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Wilderness Protection

Last year nearly 40,000 overnight visitors in the Olympic Wilderness. At least 85% of these visitors come
Between May 1 and September 30. Many areas of the Olympic Wilderness are very fragile and cannot handle much human impact. Visitors to the wilderness can have many different impacts on the wilderness. Trampling vegetation, camping on vegetation, human waste, garbage, improper food storage, overcrowding and campfires can all have long-lasting impacts to the wilderness and to wilderness visitors.

Please take the time to learn more about how you can help protect your wilderness and preserve its wild character for future generations.
If you Leave No Trace of your stay in the wilderness, it will help preserve its wild character and prevent increased regulations or restrictions.

Resource Impacts Scenes like this were common years ago. The result has been large areas of bare ground, human waste concerns, piles or pits of garbage and tree damage. Please help prevent damage to these areas by Leaving No Trace.

Here are some examples of impacts that rangers encountered in 2001:

Over 2,000 lbs. of visitor garbage was packed out of the backcountry. This does not include the massive spring beach cleanup involving over 260 volunteers and the U.S. Coast Guard.
1,600 campfire rings were cleaned/dismantled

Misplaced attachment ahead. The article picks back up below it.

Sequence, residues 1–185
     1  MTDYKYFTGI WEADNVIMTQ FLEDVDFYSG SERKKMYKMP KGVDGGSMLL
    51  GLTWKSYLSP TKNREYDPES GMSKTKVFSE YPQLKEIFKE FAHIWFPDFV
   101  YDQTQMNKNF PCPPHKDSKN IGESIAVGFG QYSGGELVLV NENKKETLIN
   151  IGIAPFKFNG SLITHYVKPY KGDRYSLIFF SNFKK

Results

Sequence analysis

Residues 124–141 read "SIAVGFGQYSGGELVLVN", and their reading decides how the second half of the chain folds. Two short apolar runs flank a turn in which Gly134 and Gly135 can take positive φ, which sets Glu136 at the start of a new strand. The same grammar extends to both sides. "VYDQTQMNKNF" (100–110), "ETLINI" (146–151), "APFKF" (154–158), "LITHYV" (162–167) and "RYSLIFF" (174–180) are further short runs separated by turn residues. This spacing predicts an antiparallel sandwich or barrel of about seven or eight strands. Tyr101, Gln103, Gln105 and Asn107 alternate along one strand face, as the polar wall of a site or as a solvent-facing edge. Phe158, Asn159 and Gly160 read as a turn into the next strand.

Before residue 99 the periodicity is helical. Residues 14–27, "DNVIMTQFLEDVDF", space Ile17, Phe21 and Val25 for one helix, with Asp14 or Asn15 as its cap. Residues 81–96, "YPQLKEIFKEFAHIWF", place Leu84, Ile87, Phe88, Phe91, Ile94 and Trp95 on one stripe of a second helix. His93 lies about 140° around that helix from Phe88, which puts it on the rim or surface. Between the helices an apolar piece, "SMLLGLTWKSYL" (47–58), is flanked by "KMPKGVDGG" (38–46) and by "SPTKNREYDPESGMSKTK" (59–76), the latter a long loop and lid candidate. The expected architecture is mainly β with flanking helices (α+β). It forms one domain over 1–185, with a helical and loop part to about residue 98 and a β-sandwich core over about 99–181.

A total of 620 gals. of human sewage/compost were flown out of the backcountry.
Bears obtained human food at least 2 times in the East Fork Quinault River Valley last year. The area was closed to camping 2 separate times to try to prevent the bear from becoming habituated. Stewardship
As humans, we have the role of stewards of the Olympic Wilderness. If we embrace this role, we gain the insight of the land, we see the beauty in biology, and we watch nature's grace unfold among the processes of nature. With wisdom comes responsibility. As stewards, we must learn about Olympic's resources and begin to understand its capacity. Knowing nature's limitations will allow us to minimize our impact to its future.

Whether we are backpackers, park rangers, residents, researchers, volunteers, or other visitors, we have a responsibility. There is only one Olympic! What can you do to help?

Revegetation in Olympic National Park
Visitor use in many of the more popular wilderness sites has resulted in sprawling bare-ground campsites and a multitude of social trails. Park staff and volunteers work every year to revegetate impacted areas and stabilize erosion. This requires thousands of native plants and thousands of hours of work for propagation and planting.
Please stay on trails and within designated sites to help ensure the recovery of closed areas.

If visitors Leave No Trace of their stay, park managers may not need to revegetate as many high use areas, set additional quotas, or expand the reservation system.

You can help keep Olympic wild. Leave No trace for the future.

Recognizing Revegetation Projects

Logs or rocks are often used to delineate campsites and trail boundaries. Erosion matting made of wood fibers and transplanted vegetation indicate closed restoration areas. "Closed for Revegetation" signs and survey stakes branded with the words "CLOSED" indicate areas to avoid.
The successful recovery of these areas depends on your thoughtful use. Tread especially lightly when visiting any of these restoration projects sites: Deer Lake, Heart lake, Lunch Lake, Morgenroth lake and Sol Duc Park in the Sol Duc drainage; Grand and Moose Lake in the Hurricane area; Hoh Lake above the Hoh River valley; Lake Constance in the Dosewallips drainage; Sand Point in the Ozette coastal area; Upper Lena Lake in the Hamma Hamma drainage.

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